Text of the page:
I have decided to see if I can get the incredibly useful dfhack utilities for Dwarf Fortress ported to the Mac. Currently, they only exist for Windows and Linux. I created my own fork of the dfhack project on github, and prepared to follow the building instructions.

Downloading cmake was pretty easy; they have a convenient-to-install binary package for the Mac.

Unfortunately, I ran into errors before I even started compiling. Cmake was giving errors about my gcc’s hash map being broken. I’m working on my laptop, which is running OS X 10.6.8 (“Snow Leopard”). I know it’s a version behind (10.7 a.k.a. “Lion” is out now), but with 10.8 (“Mountain Lion”) just around the corner, I’m not going to bother with the Lion upgrade now. The version of gcc included with XCode 3.2 is:

yuzu:~/src/dfhack jonathan$ gcc --version
i686-apple-darwin10-gcc-4.2.1 (GCC) 4.2.1 (Apple Inc. build 5664)
Copyright (C) 2007 Free Software Foundation, Inc.
This is free software; see the source for copying conditions.  There is NO

I installed a new gcc from source. The process was quite straightforward, and I am not going to document it here.

yuzu:~/src/dfhack jonathan$ /usr/local/bin/gcc --version
gcc (GCC) 4.6.3
Copyright (C) 2011 Free Software Foundation, Inc.
This is free software; see the source for copying conditions.  There is NO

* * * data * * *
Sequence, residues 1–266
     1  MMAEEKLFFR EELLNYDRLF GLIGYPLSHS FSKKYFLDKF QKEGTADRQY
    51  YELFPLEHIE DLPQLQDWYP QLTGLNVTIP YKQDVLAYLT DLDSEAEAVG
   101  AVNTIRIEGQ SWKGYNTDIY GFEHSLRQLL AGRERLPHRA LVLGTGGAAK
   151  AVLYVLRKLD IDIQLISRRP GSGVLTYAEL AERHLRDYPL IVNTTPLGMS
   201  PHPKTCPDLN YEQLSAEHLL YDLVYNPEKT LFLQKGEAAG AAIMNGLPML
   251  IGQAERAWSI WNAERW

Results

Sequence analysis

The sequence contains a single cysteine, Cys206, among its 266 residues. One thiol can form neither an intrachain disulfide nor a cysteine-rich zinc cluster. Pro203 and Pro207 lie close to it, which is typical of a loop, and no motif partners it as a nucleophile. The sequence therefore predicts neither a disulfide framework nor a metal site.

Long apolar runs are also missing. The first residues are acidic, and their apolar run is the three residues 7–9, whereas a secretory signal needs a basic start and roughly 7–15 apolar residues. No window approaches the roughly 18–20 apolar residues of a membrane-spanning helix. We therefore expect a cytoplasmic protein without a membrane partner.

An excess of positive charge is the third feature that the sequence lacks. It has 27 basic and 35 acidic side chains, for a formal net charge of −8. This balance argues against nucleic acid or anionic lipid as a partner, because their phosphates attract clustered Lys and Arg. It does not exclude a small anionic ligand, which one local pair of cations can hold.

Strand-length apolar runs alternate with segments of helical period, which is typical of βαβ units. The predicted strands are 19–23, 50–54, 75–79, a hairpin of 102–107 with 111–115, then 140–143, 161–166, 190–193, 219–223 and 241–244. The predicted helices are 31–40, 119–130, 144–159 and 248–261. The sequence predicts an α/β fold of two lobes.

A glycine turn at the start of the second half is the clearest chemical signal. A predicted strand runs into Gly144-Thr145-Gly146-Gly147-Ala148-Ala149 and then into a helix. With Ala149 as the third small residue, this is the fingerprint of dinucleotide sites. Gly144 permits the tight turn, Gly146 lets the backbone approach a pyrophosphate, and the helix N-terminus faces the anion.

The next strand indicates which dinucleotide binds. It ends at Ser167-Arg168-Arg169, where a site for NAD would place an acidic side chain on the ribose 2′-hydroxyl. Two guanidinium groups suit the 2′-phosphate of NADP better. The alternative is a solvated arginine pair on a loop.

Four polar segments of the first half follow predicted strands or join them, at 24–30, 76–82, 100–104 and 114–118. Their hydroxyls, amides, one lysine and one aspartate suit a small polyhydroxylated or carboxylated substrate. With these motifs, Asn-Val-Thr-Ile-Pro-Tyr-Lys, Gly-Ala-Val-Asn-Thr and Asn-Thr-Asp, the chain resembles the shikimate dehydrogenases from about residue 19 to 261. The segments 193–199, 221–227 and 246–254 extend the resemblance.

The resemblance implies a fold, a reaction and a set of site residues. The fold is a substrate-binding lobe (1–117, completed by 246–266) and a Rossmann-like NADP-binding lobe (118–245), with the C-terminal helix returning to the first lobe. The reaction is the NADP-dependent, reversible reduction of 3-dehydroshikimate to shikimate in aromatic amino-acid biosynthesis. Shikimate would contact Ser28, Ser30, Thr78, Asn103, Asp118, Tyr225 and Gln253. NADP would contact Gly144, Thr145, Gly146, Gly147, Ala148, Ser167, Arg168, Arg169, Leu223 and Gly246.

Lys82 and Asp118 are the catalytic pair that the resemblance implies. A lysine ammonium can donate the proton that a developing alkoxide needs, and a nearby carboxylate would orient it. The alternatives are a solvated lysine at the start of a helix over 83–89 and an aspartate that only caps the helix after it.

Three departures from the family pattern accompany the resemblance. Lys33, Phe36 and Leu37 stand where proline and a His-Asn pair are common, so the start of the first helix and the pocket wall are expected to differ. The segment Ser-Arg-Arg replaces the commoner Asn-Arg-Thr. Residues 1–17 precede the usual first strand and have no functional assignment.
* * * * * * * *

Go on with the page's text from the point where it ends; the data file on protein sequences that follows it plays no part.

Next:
And I told cmake to use that. At that point, I was able to get the Makefiles generated.

From a previous Mac port attempt, there are some _DARWIN defines that control which headers are included. The cmake scripts are setting _LINUX by default, which is breaking on some Linux-specific includes. The first place I’m hitting that is here:

Scanning dependencies of target clsocket
[ 47%] Building CXX object depends/clsocket/CMakeFiles/clsocket.dir/src/SimpleSocket.cpp.o
In file included from /Users/jonathan/src/dfhack/depends/clsocket/src/SimpleSocket.cpp:43:0:
/Users/jonathan/src/dfhack/depends/clsocket/src/SimpleSocket.h:61:29: fatal error: linux/if_packet.h: No such file or directory
compilation terminated.

I edited the CMakeLists.txt files in the dfhack root and the depends/clsocket directory so that if APPLE is defined, to add the -D_DARWIN option instead of -D_LINUX (diff). I have not committed the changes to clsocket anywhere, as I didn’t feel like forking the project just for that one change, plus I’m not entirely confident about how git submodules work.

The next error was the lack of a perl module:

Scanning dependencies of target generate_headers
[ 52%] Generating ../../library/include/df/codegen.out.xml
Can't locate XML/ in @INC (@INC contains: xml /Library/Perl/Updates/5.10.0 /System/Library/Perl/5.10.0/darwin-thread-multi-2level /System/Library/Perl/5.10.0 /Library/Perl/5.10.0/darwin-thread-multi-2level /Library/Perl/5.10.0 /Network/Library/Perl/5.10.0/darwin-thread-multi-2level /Network/Library/Perl/5.10.0 /Network/Library/Perl /System/Library/Perl/Extras/5.10.0/darwin-thread-multi-2level /System/Library/Perl/Extras/5.10.0 .) at xml/ line 15.
BEGIN failed--compilation aborted at xml/ line 15.

I used CPAN to install it.

Next, a missing C library function:

[ 56%] Building CXX object library/CMakeFiles/dfhack.dir/LuaTypes.cpp.o
/Users/jonathan/src/dfhack/library/LuaTypes.cpp: In function ‘void read_field(lua_State*, const DFHack::struct_field_info*, void*)’:
/Users/jonathan/src/dfhack/library/LuaTypes.cpp:463:55: error: ‘strnlen’ was not declared in this scope